Domaine Belle Hermitage 2018
Quite possibly, the best Syrah in the world.
97 points Jeb Dunnuck
A powerful, full-bodied, straight-up awesome wine, the 2018 Hermitage from Domaine Belle comes from the more limestone soils of the Les Murets lieu-dit and spent more than two years in barrel. Its deep ruby/purple color is followed by a smorgasbord-like array of kirsch, jammy blackberries, acacia flowers, violets, ground pepper, and cured meats. With full-bodied richness, a rich, opulent, incredibly sexy texture, sweet tannins, and a great finish, we're in blockbuster territory, and along with the 2017, it's the finest Hermitage I've tasted from this domaine. It has another 20 years (probably longer) of prime drinking.
96+ points Robert Parker's Wine Advocate
Another tremendous effort from the Belle family, the 2018 Hermitage originates from parcels in Les Murets and Péléat. Inky purple, it offers up hints of smoked meat and toasty oak but backs those with waves of intense mixed berries and black olives, plus notes of licorice. Full-bodied, concentrated and powerful, it reveals amazing length on the finish, where notes of crushed stone and licorice provide an invigorating sense of freshness. (JC) (5/2021)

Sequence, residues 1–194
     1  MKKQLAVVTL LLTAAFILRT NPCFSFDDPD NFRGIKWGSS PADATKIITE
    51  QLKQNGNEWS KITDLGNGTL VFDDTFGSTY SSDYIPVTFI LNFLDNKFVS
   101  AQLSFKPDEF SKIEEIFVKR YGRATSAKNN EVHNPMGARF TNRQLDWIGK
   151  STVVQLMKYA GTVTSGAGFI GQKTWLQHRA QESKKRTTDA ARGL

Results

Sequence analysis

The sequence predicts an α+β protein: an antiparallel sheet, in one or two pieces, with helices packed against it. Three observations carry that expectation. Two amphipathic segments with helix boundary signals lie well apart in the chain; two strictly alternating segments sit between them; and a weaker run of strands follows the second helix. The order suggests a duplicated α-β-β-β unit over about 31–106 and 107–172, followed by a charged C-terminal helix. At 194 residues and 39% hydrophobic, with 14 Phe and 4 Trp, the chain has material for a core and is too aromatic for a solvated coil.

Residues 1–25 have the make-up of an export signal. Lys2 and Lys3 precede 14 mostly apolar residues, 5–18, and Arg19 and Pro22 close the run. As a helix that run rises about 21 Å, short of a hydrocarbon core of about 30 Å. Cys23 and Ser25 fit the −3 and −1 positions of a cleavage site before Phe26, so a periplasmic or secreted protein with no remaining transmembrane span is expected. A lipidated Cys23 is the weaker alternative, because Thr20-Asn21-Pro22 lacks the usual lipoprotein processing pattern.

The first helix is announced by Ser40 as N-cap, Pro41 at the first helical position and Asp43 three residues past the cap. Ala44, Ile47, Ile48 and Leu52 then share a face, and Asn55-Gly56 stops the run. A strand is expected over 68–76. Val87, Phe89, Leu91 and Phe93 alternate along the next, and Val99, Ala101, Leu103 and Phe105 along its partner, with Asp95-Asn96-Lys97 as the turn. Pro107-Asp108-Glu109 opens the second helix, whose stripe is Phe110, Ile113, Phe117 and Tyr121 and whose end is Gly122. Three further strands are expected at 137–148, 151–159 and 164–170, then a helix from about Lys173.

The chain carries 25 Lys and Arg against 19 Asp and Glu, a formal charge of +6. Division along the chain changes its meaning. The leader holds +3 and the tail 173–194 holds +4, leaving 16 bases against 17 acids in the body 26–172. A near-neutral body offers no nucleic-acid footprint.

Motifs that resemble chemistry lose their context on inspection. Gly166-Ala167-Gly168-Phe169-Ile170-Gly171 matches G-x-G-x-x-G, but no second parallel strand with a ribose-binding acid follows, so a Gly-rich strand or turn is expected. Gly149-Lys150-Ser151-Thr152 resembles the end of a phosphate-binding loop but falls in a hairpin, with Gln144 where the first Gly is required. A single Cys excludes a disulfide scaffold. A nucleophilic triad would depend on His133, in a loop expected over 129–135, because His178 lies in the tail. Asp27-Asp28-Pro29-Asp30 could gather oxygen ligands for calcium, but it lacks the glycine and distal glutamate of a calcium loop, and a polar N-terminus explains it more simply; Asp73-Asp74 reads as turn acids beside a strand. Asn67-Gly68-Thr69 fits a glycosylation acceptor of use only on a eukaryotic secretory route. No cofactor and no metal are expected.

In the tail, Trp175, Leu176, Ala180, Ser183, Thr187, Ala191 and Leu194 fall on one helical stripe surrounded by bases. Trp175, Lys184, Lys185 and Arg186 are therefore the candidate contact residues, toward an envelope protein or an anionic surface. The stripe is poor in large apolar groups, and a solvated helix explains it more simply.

The roots of the Belle family run deep in Hermitage and extend back to the 18th century when the family began acquiring vines in the region. When descendant Louis Belle assumed control of the property, he preferred tending vines over making wine. In 1933, he became one of the founding members of the Cave de Tain, the local cooperative. It was not until 2003 when grandson Philippe began making wines for the domaine. The property has 25 hectares of vines planted across Crozes-Hermitage, Hermitage and St-Joseph, along with apricot orchards and a vine nursery tended by Philippe's brother, Jean-Claude. The vineyards were certified organic in 2014. The Hermitage comes from two primary parcels in the lieux-dits of Murets and Diognières. Both are known for their mix of clay-limestone and alluvial soils. Fermented in stainless steel, there is no destemming and all indigenous yeasts are used. After fermentation the wine ages for 24 months in about 50/50 new and 1-year-old barriques. A serious wine from a producer that is working at the top of their game.